How to take smart notes - one simple technique to boost writing, learning and thinking


How much do I want to read more? 8/10

A very nice book about a powerful concept to power up your intelectual flowering: note taking.
That is, preparing. Doing it ahead of time, so when you have to produce, you already have a tremendeous asset. You don't start from nothing.
It can combine different topics, fields. Therefore ideas and insights can sparkle.

The book contains lots of references from other books and research. Which make its content solid. And trustful. Yet, it remains nice to read, not like an accademic text.


“One cannot think without writing.” (Luhmann 1992, 53)

Introduction

Everybody writes.
Every intellectual endeavour starts with a note.
Writing plays such a central role in learning, studying and research that it is surprising how little we think about it.

This book aims at showing you how to efficiently turn your thoughts and discoveries into convincing written pieces and build up a treasure of smart and interconnected notes along the way.

Like breathing, it is vital to what we do, but because we do it constantly, it escapes our attention.
those who take smart notes will never have the problem of a blank screen again.
Getting something that is already written into another written piece is incomparably easier than assembling everything in your mind and then trying to retrieve it from there.

To sum it up: The quality of a paper and the ease with which it is written depends more than anything on what you have done in writing before you even made a decision on the topic.

self-control and self-discipline have much more to do with our environment than with ourselves; and the environment can be changed.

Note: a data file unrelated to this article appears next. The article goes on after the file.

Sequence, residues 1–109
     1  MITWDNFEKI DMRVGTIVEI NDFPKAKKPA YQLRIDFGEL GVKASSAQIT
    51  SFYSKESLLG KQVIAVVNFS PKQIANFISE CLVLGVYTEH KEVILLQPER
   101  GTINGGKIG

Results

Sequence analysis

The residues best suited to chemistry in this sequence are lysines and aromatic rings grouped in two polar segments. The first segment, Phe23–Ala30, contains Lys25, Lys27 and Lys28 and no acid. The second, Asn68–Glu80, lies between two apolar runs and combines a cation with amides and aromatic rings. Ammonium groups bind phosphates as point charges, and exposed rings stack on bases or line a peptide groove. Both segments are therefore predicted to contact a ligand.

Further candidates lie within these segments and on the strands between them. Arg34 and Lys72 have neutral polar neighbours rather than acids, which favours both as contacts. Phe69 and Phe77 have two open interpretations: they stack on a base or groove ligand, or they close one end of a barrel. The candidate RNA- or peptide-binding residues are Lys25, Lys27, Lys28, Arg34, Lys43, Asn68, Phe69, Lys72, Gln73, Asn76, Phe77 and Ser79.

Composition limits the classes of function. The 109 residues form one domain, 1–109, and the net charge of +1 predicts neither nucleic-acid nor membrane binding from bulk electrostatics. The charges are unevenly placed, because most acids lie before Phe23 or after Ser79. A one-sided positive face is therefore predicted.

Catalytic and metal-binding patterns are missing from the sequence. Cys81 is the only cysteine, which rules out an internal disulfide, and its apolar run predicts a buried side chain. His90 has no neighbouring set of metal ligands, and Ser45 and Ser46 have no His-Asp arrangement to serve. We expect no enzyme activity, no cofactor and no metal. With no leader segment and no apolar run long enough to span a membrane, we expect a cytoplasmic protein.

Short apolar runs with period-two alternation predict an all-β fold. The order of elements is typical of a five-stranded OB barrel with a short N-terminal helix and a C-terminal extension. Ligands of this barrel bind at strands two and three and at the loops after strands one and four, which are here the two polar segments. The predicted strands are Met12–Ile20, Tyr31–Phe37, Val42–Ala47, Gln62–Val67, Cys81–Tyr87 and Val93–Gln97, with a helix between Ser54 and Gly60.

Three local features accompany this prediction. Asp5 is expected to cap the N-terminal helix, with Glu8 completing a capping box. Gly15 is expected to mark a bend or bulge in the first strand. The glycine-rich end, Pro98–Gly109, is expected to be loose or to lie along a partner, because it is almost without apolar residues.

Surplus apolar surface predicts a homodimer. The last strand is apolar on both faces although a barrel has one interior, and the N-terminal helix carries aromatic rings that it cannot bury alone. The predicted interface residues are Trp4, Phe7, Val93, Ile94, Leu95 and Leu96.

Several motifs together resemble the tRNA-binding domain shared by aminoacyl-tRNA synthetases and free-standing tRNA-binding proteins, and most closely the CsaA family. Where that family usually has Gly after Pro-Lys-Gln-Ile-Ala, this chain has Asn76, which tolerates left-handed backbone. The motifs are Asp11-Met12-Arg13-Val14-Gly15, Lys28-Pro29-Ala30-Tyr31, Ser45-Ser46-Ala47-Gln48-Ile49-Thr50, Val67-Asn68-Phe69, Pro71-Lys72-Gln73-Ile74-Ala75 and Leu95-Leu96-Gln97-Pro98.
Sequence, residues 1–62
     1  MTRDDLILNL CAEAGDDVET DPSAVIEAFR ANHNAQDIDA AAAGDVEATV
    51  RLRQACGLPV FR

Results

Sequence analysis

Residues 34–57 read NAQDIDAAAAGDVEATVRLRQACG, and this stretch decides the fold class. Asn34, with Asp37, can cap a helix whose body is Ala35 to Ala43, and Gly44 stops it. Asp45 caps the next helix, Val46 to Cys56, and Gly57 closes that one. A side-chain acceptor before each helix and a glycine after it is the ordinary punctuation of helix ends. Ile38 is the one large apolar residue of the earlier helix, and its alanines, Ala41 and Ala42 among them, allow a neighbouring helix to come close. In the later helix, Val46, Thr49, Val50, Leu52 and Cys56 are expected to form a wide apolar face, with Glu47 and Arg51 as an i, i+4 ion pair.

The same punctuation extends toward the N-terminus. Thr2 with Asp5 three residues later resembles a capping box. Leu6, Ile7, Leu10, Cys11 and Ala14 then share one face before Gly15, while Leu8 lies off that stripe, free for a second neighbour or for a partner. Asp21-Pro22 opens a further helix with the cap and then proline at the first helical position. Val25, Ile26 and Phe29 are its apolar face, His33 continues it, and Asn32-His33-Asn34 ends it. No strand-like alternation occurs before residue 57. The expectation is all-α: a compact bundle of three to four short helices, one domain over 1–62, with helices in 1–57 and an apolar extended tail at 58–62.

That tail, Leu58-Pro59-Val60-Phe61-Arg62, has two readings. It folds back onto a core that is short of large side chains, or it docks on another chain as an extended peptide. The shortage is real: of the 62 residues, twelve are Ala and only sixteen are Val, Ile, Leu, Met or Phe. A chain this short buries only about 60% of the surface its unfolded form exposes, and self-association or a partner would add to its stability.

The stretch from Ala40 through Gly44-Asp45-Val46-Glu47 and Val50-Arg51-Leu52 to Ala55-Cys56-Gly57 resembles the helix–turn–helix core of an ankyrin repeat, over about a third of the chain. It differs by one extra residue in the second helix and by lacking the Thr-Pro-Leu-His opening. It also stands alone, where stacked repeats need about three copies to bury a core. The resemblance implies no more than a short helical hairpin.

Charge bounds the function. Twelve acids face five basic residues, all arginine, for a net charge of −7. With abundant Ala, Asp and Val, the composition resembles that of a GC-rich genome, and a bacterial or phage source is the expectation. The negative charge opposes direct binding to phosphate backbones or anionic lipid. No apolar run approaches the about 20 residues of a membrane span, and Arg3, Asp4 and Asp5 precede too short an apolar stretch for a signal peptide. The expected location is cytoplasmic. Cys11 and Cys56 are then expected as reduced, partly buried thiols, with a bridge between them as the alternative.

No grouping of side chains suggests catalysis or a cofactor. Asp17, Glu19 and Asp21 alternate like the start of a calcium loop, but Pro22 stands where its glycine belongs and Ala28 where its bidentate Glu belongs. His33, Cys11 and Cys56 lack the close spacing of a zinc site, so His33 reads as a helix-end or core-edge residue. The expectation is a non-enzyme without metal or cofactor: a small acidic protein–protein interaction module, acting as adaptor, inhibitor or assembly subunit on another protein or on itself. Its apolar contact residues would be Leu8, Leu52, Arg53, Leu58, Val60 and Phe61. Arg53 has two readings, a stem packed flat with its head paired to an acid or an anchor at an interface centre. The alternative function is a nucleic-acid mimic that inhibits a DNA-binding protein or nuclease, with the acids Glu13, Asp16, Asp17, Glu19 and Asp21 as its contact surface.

Nobody needs willpower not to eat a chocolate bar when there isn’t one around.
Every task that is interesting, meaningful and well-defined will be done.
Having a meaningful and well-defined task beats willpower every time.

it is usually the best students who struggle the most.
a system is needed to keep track of the ever-increasing pool of information, which allows one to combine different ideas in an intelligent way with the aim of generating new ideas.

poor students often feel more successful (until they are tested), because they don’t experience much self-doubt. In psychology, this is known as the Dunning-Kruger effect.
Poor students lack insight into their own limitations.
That means that those who are not very good at something tend to be overly confident.

1 Everything You Need to Know

A good structure is something you can trust. It relieves you from the burden of remembering and keeping track of everything.
If you can trust the system, you can let go of the attempt to hold everything together in your head and you can start focusing on what is important.

1.1 Good Solutions are Simple – and Unexpected

You can start working and developing ideas immediately by taking smart notes.
The best way to deal with complexity is to keep things as simple as possible.
The simplicity of the structure allows complexity to build up where we want it.

The first idea lies at the heart of this book and is the technique of the simple slip-box.
The second idea is equally important. Routines require simple, repeatable tasks that can become automatic and fit together seamlessly.

The principle of GTD is to collect everything that needs to be taken care of in one place and process it in a standardised way.
This doesn’t necessarily mean that we actually do everything we once intended to do, but it forces us to make clear choices and regularly check if our tasks still fit into the bigger picture.
Only if nothing else is lingering in our working memory and taking up valuable mental resources can we experience what Allen calls a “mind like water” - the state where we can focus on the work right in front of us without getting distracted by competing thoughts.
most distractions do not come so much from our environment, but our own minds.

Writing is not a linear process. We constantly have to jump back and forth between different tasks.
Only if you can trust your system, only if you really know that everything will be taken care of, will your brain let go and let you focus on the task at hand.

1.2 The Slip-box